This year even more than usual, many businesses are thankful for the hard work and commitment of their employees. Traditionally, many companies will now be holding their office parties: anything from a night in the pub to a formal set-piece dinner and knees-up for the staff.
Where an employer holds an annual event – at Christmas or another time during the year – for all its employees, at a cost not exceeding £150 per head, the benefit is exempt from income tax for the employee (Section 264 of ITEPA 2003). The £150 is not considered an annual allowance, which means that if the cost is exceeded then the whole amount will become taxable.
All costs of providing the event must be counted when calculating the ‘per head’ cost. This could include (but is not limited to):
- Food and drink
- Transport and accommodation that enables an employee to attend
To calculate the ‘cost per head’, the total expenses should be divided by the number attending, which may also include non-employees, such as partners.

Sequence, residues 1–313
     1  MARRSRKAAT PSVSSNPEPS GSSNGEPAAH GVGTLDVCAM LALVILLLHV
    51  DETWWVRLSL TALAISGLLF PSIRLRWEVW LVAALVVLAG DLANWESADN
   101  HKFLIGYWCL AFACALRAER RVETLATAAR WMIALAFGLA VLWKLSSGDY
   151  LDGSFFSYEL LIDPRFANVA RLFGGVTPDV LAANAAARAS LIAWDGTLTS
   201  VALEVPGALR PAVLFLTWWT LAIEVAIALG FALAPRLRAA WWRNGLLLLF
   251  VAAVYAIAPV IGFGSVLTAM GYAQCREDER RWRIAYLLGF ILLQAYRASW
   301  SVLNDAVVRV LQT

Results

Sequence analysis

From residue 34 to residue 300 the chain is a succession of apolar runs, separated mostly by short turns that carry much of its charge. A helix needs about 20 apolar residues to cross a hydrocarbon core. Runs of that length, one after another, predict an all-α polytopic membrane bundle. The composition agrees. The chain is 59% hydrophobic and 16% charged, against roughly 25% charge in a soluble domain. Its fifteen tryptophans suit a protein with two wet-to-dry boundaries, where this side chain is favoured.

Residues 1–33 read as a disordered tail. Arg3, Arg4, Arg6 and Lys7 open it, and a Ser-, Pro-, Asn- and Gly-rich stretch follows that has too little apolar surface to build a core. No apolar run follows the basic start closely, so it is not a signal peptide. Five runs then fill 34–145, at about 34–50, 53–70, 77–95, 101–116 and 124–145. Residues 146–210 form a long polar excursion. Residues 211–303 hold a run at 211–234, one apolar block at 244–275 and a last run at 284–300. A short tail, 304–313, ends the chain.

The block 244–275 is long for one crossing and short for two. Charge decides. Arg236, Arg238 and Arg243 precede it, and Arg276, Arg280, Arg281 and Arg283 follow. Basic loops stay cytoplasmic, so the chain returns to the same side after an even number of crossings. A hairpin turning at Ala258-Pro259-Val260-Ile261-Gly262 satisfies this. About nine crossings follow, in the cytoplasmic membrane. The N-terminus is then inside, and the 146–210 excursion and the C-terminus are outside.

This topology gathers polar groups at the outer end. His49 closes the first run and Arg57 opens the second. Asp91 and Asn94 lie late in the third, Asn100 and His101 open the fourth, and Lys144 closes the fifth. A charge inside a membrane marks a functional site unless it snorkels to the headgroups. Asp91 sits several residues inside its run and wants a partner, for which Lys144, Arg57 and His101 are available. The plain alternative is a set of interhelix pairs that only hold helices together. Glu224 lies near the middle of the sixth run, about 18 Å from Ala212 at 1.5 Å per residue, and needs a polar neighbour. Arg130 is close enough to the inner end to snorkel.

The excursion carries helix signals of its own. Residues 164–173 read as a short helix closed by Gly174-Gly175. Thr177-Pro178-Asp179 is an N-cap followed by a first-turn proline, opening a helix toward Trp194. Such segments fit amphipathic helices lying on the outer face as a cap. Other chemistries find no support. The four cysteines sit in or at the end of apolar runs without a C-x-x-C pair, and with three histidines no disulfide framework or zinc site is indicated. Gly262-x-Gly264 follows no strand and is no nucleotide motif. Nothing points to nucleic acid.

This year, HMRC has acknowledged that virtual meetings and events have to a large extent replaced face-to-face meetings and has now confirmed that virtual events can be included when deploying the £150 exemption. They have added the following simple example to the Employment Income Manual at EIM21691:
A company holds one annual function in a tax year and does so virtually using IT. All employees are invited and each is provided with a hamper consisting of some food and drink to be enjoyed by the attendees during the party. The total cost per head is £100 which is within the £150 exemption and so the exemption applies.
As well as an annual social gathering to say thank you to staff, ITEPA 2003 allows for the employer to provide what is referred to as a ‘trivial benefit’ to employees.
This statutory exemption has strict criteria that must be met in order to qualify as a trivial benefit:
- The benefit is not cash or a cash voucher
- The cost to provide the benefit does not exceed £50
- The benefit is not provided as a contractual entitlement
- The benefit is not provided in return for normal service or achievement of performance targets
Examples of a trivial benefit could include flowers on a person’s birthday, a turkey at Christmas, or a gift on the birth of a child. More than one trivial benefit can be provided during the year; however, where trivial benefits are given to a director or office holder (or members of their families or households), an annual limit of £300 applies.